Some “ifs” are simply another form of “wishes”, and wishes can be the most evil of all. Language plays games. I am sure you wished someone a Happy Holiday, and wonder how such a wish can be evil, and I concede that it is not. You might wish an ill friend to be well. In that wish you have done all you really can do for them. However, in general, wishes are the desire for something without action. You have no intention to apply yourself to the desire or goal. You simply want it. In fact, you want it specifically without effort on your part other than uttering the wish itself, like a magic spell. Wishing sometimes diverts us from doing. You can wish to lose weight, or you can make yourself lose it. You can wish a happy holiday, or you could go out and make it happen for someone. But wishing is so damn simple.
Wish upon a star. Blow out the candles and make a wish. We are taught to wish. We are cultured in it. We have an entire holiday fashioned around it. Give Santa your wish list. In that teaching, we learn that wistful wishing is okay, even good. That it is good to wish for something without putting any effort in achieving it. Then do we die with none of our wishes fulfilled? That cannot be a good feeling. Break the wishbone.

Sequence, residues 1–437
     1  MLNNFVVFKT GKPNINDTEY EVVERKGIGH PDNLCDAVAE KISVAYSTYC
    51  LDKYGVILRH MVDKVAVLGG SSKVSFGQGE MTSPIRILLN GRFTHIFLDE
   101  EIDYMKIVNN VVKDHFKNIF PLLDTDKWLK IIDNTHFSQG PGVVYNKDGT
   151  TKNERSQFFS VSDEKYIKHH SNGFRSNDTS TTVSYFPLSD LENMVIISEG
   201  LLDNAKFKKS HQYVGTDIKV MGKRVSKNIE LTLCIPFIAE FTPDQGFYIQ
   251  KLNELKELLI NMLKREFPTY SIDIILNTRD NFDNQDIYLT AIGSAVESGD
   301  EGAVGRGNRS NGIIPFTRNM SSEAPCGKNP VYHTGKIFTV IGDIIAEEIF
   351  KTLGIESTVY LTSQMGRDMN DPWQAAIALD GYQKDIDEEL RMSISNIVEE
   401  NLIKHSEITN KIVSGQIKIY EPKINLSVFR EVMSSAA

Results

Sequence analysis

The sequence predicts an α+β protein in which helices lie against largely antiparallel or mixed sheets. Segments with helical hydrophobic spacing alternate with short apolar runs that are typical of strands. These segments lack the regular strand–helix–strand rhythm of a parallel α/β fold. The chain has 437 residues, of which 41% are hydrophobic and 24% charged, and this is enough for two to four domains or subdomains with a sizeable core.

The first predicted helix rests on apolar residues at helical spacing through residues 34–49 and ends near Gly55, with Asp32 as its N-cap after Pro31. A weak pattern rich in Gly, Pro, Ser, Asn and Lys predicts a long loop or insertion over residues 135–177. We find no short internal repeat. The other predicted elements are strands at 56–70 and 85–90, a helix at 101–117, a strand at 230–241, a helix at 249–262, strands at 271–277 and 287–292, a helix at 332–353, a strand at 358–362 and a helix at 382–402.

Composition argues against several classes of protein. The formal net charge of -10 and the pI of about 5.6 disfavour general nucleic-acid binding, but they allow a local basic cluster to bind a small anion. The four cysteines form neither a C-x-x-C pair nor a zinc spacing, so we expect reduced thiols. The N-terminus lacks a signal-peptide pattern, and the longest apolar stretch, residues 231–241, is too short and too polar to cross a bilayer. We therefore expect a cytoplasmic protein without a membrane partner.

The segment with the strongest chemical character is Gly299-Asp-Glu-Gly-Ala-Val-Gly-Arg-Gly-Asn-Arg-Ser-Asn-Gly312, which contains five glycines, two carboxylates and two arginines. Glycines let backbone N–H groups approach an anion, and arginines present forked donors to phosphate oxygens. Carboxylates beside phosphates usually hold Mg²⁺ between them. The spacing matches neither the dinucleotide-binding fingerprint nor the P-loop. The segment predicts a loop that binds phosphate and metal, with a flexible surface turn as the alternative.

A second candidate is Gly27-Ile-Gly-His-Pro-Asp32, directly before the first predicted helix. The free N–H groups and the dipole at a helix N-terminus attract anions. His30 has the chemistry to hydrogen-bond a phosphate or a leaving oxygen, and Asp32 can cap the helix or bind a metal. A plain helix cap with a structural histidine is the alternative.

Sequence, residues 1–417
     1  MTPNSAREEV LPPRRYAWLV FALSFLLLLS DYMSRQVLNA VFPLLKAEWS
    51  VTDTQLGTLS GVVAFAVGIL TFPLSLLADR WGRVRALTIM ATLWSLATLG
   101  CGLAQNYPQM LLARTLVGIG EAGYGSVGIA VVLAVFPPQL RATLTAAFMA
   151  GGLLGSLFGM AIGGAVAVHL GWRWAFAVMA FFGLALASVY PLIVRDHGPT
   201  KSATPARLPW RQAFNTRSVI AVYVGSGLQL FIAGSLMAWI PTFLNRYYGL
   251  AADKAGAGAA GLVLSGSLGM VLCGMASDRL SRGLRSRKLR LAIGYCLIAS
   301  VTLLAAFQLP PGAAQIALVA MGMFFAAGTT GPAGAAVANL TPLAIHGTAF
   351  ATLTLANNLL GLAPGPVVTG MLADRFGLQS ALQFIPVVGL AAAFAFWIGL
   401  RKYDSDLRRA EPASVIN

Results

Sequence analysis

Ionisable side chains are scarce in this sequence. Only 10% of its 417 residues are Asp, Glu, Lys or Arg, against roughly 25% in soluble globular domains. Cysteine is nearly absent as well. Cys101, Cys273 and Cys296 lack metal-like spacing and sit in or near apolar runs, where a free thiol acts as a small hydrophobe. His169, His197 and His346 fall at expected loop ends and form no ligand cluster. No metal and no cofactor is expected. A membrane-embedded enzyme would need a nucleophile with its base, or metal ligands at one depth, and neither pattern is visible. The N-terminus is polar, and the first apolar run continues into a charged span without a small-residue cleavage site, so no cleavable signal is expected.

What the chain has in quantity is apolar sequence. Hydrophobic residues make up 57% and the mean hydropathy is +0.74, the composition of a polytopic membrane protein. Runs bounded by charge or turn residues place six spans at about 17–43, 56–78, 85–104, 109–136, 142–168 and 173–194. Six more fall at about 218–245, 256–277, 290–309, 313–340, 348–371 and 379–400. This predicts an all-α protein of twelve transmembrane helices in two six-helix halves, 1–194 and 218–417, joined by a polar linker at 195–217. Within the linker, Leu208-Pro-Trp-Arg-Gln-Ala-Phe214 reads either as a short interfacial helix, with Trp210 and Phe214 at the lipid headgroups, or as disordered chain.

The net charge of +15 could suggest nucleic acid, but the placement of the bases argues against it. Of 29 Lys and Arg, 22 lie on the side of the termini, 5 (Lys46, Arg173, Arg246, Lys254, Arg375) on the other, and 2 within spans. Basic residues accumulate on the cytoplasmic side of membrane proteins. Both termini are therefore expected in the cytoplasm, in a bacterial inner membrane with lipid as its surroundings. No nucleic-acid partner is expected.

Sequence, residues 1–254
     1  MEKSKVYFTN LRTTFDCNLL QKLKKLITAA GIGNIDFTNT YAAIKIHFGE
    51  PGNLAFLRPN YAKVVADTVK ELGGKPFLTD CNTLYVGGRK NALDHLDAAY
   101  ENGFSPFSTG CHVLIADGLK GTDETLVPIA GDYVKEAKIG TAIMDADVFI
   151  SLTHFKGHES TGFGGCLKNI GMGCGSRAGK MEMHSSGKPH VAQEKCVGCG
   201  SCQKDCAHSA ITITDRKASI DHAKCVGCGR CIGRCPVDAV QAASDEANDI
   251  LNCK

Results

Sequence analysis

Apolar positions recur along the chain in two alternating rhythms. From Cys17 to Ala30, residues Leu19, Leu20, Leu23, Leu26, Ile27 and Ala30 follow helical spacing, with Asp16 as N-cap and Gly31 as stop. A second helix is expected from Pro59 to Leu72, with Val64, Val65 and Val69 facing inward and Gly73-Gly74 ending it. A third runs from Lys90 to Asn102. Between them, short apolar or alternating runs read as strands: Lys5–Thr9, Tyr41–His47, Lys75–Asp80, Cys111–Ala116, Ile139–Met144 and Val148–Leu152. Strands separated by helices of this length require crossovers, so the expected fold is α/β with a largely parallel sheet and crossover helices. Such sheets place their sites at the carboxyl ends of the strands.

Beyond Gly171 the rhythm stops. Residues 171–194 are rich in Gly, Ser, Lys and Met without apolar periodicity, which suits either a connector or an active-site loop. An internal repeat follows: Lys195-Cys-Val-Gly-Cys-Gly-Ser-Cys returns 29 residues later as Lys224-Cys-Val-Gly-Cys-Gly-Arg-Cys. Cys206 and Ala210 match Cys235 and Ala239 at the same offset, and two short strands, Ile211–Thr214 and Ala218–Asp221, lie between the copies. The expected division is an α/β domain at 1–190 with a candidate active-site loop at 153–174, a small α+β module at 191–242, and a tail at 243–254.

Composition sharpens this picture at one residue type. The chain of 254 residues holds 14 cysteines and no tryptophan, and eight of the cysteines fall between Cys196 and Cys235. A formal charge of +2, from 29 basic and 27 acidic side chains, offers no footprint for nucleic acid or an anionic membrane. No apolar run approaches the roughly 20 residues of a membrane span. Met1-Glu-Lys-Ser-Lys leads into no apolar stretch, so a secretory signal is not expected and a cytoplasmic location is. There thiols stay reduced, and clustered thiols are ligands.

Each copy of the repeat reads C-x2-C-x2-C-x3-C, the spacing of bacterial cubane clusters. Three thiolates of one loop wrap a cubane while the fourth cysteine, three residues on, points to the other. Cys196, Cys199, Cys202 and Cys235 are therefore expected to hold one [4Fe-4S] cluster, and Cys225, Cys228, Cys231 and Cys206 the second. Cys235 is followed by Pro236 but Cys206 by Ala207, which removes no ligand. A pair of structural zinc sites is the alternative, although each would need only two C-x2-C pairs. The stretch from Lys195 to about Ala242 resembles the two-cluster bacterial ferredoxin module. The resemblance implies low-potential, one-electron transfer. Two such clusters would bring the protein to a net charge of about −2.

Suppose you could have all your wishes, would you stop wishing, or do you imagine you could always find something to wish for? Can you imagine living without wishing? I think that would be a good feeling, going through the day not wishing for something that you were not willing to apply yourself to. Then when you die, you have all the things you directed yourself toward, with no wish unanswered.